Speaking of dynamics, if you are coming from a great horn loudspeaker, the answer will also be, “Probably not,” but for a different set of reasons. Horn lovers typically don’t give much of a damn about a “disappearing act,” or “octave-to-octave coherence,” or overall “neutrality” and the absence of colorations. They view these things as silly “audiophile” preoccupations that have nothing to do with actual music, which, for them, is entirely a matter of lifelike SPLs, in-the-room-with-you presence, unmatched dynamic range, visceral impact on transients and tuttis, enormous detail, and super-rich tone color. Where horns and the M Project intersect—and they do intersect more than many dynamic loudspeakers—is that M Projects will play loud with pretty damn impressive dynamic impact and bring-you-out-of-your-seat transient response. They will also reproduce inner details with resolution that challenges (if it does not actually equal) the super-high-resolution of ultra-low-inertia compression drivers. While I would imagine that most real horn aficionados would find the sound of the M Project acceptable albeit somewhat “polite,” it simply won’t have the in-your-face presence or slam, nor (despite the gains in tone color) the Technicolor richness and weight that horn lovers crave. Nor, of course, will it match the sensitivity of a horn, which can be driven by flea-weight SETs. (Of course, it also won’t have a horn’s various nonlinearities and colorations, either. But that’s another story.)

We come now to the crux. What if you’re coming from another great dynamic loudspeaker—such as a Raidho, a Rockport, a Focal, a YG, a Wilson, a Gauder Akustik, a Stenheim, or, well, you name it?

Here the answer is, once again, “Probably not.”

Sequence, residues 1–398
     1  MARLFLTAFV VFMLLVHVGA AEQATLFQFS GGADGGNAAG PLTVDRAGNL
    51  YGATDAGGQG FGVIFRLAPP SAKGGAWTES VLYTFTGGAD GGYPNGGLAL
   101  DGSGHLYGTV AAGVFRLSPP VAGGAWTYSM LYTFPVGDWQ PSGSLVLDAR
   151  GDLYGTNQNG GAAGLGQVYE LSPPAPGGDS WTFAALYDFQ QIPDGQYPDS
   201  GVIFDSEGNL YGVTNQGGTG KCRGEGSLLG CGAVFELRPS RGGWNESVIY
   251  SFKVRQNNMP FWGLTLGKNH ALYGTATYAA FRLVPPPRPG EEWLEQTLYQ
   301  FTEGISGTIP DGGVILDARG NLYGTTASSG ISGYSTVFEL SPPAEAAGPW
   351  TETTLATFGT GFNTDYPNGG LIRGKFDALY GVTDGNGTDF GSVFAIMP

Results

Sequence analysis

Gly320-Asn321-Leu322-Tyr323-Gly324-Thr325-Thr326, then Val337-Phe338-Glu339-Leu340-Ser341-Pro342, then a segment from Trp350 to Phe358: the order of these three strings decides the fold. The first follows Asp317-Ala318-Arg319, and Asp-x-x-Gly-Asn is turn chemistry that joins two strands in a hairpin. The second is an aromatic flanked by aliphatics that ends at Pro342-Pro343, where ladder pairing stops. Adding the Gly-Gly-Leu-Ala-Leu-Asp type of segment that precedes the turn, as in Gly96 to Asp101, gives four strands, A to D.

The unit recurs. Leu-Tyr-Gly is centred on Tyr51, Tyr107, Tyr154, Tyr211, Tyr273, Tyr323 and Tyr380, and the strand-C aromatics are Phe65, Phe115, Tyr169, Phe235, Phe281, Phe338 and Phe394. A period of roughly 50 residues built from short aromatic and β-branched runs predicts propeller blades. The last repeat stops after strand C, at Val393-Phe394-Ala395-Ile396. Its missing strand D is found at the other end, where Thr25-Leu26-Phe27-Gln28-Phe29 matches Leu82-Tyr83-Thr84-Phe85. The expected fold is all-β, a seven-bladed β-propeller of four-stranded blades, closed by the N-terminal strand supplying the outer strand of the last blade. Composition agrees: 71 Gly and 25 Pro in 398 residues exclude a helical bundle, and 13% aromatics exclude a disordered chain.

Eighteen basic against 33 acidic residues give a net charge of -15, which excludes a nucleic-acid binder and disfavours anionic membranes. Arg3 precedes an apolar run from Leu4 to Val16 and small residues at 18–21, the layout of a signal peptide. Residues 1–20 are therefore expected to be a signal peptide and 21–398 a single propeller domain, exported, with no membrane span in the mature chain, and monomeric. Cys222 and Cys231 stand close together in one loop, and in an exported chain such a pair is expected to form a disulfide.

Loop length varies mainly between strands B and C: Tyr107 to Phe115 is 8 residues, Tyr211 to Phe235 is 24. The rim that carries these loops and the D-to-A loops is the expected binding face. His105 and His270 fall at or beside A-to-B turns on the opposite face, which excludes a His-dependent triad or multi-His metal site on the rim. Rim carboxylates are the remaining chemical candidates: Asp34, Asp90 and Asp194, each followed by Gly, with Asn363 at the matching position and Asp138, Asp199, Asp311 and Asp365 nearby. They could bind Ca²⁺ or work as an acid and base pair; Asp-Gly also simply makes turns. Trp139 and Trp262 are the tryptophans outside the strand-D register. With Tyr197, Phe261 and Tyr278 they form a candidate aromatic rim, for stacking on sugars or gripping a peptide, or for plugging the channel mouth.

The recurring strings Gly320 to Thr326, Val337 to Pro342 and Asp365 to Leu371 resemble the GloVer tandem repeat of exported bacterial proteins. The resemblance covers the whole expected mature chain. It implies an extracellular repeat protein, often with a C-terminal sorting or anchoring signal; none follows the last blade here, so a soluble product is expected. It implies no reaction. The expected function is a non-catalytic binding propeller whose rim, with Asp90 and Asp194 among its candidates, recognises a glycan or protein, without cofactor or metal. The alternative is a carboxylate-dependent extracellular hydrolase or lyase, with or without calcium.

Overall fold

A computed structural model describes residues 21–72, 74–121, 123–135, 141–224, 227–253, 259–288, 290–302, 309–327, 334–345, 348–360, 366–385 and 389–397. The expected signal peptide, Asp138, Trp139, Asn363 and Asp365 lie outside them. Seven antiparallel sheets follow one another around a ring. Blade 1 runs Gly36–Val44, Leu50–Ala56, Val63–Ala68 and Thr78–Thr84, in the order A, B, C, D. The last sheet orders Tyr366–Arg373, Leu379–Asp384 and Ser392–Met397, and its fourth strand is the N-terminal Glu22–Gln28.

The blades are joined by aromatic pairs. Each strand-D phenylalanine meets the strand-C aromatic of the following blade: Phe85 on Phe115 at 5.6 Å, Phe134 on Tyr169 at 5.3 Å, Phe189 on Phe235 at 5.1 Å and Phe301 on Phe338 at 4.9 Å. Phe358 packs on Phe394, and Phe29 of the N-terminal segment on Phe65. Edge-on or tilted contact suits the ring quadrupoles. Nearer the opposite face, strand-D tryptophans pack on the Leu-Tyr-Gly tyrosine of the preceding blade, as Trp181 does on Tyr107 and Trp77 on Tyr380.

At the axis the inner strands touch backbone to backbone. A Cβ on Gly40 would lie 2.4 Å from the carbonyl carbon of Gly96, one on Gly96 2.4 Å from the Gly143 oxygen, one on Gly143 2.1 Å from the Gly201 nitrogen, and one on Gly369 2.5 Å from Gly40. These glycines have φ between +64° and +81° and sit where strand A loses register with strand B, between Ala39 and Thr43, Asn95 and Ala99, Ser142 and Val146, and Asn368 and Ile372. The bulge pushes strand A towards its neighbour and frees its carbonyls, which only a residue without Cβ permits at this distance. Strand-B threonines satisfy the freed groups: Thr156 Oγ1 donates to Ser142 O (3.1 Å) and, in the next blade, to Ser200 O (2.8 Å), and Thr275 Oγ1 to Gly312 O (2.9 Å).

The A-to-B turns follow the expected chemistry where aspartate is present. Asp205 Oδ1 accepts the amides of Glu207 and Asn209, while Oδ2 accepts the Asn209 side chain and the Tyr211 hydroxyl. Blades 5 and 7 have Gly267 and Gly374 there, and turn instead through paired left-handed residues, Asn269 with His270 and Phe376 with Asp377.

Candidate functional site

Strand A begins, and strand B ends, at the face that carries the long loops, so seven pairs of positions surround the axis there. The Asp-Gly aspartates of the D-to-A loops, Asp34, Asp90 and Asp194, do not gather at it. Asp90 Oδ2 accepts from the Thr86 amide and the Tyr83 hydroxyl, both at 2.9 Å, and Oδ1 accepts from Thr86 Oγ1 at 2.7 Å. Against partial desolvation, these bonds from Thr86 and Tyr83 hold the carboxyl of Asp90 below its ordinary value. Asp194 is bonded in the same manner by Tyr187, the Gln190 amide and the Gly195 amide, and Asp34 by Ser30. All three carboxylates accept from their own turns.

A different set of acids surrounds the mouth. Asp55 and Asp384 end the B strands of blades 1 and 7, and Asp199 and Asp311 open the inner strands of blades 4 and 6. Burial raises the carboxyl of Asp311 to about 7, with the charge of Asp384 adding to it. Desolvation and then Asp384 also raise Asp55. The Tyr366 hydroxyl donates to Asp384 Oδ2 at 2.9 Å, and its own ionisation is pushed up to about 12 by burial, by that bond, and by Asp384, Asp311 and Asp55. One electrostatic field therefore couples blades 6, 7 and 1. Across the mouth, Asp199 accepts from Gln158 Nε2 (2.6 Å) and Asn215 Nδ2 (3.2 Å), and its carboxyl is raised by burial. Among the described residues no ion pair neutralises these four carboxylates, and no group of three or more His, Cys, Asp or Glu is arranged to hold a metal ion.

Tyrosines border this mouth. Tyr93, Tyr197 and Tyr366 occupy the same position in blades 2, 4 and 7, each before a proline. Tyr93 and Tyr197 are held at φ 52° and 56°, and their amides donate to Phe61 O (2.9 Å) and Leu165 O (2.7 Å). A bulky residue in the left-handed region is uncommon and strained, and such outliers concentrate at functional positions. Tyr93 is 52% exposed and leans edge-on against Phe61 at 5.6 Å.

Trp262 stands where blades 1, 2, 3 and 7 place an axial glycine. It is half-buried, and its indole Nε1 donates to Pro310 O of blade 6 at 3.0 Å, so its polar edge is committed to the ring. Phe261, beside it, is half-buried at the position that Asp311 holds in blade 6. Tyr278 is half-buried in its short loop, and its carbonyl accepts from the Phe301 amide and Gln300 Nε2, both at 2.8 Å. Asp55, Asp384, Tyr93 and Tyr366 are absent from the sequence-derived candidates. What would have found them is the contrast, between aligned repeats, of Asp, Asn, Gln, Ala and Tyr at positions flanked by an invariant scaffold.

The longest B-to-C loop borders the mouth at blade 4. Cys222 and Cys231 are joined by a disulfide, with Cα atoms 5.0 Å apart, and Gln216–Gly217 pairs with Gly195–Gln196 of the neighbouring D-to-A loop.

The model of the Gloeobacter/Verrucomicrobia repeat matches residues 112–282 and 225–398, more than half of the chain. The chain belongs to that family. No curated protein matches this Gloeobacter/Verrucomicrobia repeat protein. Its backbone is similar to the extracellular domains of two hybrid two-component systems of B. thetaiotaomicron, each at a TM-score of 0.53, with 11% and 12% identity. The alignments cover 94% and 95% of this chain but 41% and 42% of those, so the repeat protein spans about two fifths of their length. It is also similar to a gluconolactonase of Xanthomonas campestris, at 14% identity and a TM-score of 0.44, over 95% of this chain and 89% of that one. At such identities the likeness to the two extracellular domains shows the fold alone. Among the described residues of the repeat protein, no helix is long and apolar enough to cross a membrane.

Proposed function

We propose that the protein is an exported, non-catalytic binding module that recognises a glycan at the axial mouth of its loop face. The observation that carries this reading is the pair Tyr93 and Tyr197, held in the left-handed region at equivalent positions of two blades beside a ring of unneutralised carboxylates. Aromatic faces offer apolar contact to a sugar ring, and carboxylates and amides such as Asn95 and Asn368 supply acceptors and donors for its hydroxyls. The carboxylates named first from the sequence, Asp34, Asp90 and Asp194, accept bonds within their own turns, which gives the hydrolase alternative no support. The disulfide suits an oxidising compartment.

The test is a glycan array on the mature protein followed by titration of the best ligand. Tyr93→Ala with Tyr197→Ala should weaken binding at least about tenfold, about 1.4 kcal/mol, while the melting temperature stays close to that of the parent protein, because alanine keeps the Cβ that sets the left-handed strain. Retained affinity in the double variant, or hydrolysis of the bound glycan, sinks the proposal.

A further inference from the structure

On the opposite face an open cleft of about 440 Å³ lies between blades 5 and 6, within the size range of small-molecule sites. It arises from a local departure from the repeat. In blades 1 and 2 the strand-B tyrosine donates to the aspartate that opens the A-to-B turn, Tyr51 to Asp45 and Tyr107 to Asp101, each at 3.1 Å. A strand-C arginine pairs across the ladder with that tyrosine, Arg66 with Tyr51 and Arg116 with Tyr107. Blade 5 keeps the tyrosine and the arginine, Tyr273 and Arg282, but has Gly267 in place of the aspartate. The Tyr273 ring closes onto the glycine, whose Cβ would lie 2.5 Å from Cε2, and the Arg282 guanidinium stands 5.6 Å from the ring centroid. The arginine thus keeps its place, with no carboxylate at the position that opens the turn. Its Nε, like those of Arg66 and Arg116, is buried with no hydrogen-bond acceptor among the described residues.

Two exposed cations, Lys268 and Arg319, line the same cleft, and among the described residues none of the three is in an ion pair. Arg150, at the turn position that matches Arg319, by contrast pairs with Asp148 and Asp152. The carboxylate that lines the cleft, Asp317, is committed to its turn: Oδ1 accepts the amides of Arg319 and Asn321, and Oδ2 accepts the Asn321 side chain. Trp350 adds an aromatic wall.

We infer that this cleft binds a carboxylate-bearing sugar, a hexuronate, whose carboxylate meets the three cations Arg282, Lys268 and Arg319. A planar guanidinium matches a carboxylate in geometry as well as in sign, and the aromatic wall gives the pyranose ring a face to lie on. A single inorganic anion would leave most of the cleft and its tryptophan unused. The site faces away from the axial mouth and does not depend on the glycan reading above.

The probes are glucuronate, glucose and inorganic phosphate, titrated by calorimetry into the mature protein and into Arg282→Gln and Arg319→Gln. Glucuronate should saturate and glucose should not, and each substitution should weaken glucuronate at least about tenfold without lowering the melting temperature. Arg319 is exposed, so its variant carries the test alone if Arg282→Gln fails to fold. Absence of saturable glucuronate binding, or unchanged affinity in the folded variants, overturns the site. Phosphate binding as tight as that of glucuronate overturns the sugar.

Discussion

Let’s take the Raidho D-5 for example, as it is a loudspeaker with which I have long experience. In some ways the Raidho D-5 (like many of the big Wilsons) is the “anti-Magico” of loudspeakers. Though it uses extremely high-tech drivers (diamond-coated ceramic cones and a sealed ribbon that, M Project or no, I still consider to be the word’s best tweeter), it is not voiced primarily via the measuring bench but rather by ear. What this means in practice is that it has a deliberately contoured frequency balance: an (excessively) elevated mid-to-upper bass and power range (where the ear is least sensitive), a smooth midband, a recessed brilliance and presence range (where the ear is most sensitive), and a slight rise in the top treble. As a result, though scarcely disreputable, the D-5 will not come close to matching the linearity and low distortion of the M Project in standard measurements; nor is its enclosure, as gorgeous and aerodynamic as it is, anywhere near as inert as that of the M Project. Though not the sing-along music boxes than some Nola enclosures are, the D-5’s box is playing along with the music, particularly in the bass. (Just put a hand to its cabinet and you will feel the vibration.) In addition, the D-5 (like Wilsons) is a ported loudspeaker, with a considerable rise at port resonance and a steep roll-off below it. Though it gives the impression of having really low bass, it doesn’t really, anymore than Wilsons do.